I am providing for the care of the former members in the short-term, and remain committed to helping them in any way I can in the future. From this point forward, The Intercessors of the Lamb, Inc., is in no way associated with the Catholic Church. As Archbishop of Omaha, and in view of my authority to govern and guard the liturgical and sacramental life of the Church (c. 835 §1), I hereby decree that no liturgical or sacramental celebrations are to occur on any property owned by the Intercessors of the Lamb, Inc., within the Archdiocese of Omaha. Priests, deacons, and lay ministers are to observe this prescription. The chapel formerly known as the Our Lady of Light Chapel on the Bellwether campus in Omaha is no longer a Catholic chapel. Catholic faithful worldwide should be aware that any alms given to the Intercessors of the Lamb, Inc., are not being given to a Catholic organization. Those who previously had scheduled retreats or other Catholic ministry opportunities there should look elsewhere.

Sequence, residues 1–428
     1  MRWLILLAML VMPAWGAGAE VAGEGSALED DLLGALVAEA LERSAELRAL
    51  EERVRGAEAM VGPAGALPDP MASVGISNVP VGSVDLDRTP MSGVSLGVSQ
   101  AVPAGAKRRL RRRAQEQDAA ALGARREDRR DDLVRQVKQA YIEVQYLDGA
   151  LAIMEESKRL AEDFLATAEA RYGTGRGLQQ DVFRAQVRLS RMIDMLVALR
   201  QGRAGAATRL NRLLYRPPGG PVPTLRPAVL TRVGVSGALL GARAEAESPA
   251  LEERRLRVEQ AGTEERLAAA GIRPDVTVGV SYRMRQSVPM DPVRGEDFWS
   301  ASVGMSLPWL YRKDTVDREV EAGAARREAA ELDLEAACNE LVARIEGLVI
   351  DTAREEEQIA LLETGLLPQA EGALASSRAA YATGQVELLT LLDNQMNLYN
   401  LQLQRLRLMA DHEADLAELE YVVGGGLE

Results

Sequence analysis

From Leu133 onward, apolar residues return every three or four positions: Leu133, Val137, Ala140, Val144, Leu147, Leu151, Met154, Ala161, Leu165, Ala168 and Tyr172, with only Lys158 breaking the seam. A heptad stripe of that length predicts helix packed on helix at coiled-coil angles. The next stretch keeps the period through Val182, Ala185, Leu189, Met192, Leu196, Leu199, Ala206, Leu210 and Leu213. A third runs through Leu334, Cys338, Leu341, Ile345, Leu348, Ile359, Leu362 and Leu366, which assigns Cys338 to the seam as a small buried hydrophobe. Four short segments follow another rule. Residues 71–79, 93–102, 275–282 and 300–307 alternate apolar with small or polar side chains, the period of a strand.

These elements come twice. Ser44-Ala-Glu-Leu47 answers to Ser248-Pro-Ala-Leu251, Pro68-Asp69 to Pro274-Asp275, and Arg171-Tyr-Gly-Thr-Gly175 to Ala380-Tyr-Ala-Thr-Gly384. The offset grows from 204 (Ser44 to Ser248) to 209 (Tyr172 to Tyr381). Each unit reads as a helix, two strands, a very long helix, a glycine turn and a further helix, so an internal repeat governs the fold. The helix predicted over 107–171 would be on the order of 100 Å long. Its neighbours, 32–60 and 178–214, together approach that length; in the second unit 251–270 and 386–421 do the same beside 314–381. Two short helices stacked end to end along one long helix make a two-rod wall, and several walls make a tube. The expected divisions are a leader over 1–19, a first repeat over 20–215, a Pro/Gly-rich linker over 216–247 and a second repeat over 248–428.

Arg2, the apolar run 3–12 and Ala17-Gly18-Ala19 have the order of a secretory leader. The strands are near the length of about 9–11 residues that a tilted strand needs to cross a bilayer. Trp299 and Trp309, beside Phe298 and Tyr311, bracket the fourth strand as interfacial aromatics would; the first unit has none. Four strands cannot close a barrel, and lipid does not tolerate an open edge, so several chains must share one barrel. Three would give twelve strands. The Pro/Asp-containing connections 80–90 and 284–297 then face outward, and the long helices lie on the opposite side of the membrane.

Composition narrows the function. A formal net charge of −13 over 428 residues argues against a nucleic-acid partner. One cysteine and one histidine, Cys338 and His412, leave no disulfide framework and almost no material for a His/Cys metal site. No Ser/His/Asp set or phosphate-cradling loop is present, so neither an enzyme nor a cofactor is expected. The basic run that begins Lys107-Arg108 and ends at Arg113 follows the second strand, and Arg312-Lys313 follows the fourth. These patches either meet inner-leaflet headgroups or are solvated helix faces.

Those who consider themselves “companions” or “associates” of the Intercessors, some of whom have even taken [private] vows, are hereby informed that such vows were never canonically recognized in the Church. Even if such vows were binding in conscience, they too cease in view of the suppression of the Hermit Association of the Intercessors of the Lamb and c. 1194. Of course, Catholic faithful are always welcome, in virtue of their baptism, to associate together and to pray. I would encourage those companions and associates to continue to pray for the former vowed members of the Intercessor community, for the Church, and for the needs of the world.